The tragedy of extinction is explained through the dramatic story of a legendary bird, the Ivory-billed Woodpecker, and of those who tried to possess it, paint it, shoot it, sell it, and, in a last-ditch effort, save it. A powerful saga that sweeps through two hundred years of history, it introduces artists like John James Audubon, bird collectors like William Brewster, and finally a new breed of scientist in Cornell's Arthur A. "Doc" Allen and his young ornithology student, James Tanner, whose quest to save the Ivory-bill culminates in one of the first great conservation showdowns in U.S. history, an early round in what is now a worldwide effort to save species. As hope for the Ivory-bill fades in the United States, the bird is last spotted in Cuba in 1987, and Cuban scientists join in the race to save it. All this, plus Mr. Hoose's wonderful story-telling skills, comes together to give us what David Allen Sibley, author of The Sibley Guide to Birds calls "the most thorough and readable account to date of the personalities, fashions, economics, and politics that combined to bring about the demise of the Ivory-billed Woodpecker." The Race to Save the Lord God Bird is the winner of the 2005 Boston Globe - Horn Book Award for Nonfiction and the 2005 Bank Street - Flora Stieglitz Award.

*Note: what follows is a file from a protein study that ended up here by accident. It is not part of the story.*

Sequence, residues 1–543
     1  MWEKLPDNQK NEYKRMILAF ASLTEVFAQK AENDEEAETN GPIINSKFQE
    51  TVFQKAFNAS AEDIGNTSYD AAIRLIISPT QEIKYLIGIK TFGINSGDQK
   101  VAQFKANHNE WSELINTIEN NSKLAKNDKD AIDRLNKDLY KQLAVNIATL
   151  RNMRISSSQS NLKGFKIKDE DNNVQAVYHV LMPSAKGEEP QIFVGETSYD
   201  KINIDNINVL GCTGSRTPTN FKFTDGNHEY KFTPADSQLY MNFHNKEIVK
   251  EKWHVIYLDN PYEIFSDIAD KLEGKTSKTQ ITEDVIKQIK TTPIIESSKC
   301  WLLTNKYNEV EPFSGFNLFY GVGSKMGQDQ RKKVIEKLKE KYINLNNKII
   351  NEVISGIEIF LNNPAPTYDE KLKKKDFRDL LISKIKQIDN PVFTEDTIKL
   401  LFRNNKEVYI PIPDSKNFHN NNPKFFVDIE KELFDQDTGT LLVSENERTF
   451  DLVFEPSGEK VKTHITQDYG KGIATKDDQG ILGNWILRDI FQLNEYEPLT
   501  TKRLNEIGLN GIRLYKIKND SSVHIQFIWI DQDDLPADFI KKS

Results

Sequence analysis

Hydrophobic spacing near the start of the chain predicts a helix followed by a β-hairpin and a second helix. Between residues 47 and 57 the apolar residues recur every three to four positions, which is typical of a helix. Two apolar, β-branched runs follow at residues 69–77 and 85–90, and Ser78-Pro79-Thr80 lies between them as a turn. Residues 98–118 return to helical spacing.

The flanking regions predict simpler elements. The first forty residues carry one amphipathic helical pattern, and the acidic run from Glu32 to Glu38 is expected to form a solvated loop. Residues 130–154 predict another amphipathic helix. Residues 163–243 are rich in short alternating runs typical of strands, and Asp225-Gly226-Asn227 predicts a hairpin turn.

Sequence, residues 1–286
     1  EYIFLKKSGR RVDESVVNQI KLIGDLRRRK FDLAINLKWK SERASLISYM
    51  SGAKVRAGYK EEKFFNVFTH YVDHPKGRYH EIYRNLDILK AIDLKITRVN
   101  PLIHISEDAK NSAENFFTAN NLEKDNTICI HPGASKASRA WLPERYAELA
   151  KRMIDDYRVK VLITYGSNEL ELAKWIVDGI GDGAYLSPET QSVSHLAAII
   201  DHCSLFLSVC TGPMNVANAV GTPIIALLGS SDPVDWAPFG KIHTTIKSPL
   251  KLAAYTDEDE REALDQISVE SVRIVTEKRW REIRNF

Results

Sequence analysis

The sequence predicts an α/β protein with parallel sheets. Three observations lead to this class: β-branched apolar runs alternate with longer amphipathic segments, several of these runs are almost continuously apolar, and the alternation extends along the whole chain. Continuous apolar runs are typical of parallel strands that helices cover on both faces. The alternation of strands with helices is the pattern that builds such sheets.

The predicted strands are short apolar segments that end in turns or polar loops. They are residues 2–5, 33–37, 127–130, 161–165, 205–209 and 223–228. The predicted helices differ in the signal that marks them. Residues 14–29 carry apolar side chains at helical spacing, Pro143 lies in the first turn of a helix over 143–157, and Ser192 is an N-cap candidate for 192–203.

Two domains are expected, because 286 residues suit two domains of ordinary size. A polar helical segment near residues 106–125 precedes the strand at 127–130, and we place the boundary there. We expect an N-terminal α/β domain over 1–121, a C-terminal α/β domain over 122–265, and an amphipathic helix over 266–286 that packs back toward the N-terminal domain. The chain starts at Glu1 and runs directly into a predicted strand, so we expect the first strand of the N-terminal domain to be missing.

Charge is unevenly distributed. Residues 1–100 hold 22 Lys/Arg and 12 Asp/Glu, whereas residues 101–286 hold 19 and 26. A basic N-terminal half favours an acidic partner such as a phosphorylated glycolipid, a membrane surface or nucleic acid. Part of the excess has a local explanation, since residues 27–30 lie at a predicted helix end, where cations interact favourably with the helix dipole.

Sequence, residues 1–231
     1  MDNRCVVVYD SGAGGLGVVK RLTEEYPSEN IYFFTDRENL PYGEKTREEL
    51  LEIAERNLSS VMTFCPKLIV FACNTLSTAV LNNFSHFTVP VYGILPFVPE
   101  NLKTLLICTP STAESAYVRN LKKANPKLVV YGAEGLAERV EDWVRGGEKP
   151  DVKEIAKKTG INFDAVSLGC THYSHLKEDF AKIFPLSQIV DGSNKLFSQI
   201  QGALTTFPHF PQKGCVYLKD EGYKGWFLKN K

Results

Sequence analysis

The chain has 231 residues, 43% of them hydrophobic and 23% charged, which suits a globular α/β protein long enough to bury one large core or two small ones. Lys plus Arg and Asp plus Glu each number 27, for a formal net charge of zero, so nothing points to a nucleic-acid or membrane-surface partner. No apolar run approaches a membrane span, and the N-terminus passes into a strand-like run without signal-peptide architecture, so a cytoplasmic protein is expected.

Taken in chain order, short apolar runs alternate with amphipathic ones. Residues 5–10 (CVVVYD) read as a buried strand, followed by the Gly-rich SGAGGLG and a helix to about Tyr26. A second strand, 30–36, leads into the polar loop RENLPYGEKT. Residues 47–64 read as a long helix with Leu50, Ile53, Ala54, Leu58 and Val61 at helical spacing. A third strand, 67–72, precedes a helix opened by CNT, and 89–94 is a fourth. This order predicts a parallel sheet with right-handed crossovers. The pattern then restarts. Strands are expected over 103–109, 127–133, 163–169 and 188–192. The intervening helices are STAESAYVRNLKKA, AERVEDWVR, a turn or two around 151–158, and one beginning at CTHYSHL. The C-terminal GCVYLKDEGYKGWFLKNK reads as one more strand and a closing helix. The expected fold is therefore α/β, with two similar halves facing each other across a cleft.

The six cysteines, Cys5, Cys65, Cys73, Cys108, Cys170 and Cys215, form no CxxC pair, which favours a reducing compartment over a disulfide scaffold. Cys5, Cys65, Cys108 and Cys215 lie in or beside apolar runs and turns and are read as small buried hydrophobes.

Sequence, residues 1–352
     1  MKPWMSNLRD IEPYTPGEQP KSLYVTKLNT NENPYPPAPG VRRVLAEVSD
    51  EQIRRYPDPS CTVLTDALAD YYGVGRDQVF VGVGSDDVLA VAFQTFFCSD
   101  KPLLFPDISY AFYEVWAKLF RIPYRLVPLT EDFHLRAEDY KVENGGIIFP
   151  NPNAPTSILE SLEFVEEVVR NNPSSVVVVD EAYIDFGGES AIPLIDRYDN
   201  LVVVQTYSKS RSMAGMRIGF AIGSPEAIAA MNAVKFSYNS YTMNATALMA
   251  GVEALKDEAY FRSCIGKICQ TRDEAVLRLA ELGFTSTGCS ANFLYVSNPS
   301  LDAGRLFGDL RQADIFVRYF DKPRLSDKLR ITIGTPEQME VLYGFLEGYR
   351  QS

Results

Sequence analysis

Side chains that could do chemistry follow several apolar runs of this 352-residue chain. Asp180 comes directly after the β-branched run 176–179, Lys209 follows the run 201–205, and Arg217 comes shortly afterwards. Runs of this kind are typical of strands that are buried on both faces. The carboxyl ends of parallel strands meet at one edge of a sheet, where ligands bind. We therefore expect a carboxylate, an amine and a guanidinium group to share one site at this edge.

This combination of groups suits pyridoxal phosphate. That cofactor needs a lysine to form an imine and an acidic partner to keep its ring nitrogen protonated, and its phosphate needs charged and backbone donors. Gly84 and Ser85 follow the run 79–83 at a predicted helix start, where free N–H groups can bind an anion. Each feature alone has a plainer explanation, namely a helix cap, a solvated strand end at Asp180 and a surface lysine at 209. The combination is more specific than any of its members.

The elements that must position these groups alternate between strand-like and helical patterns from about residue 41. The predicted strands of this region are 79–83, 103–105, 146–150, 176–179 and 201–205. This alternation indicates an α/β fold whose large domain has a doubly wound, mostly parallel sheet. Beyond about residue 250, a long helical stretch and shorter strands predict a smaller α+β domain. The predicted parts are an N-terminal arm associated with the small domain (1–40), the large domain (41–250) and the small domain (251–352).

International Frontiers and Boundaries

Author: Victor Prescott

Publisher: BRILL


Category: Law

Page: 516

View: 285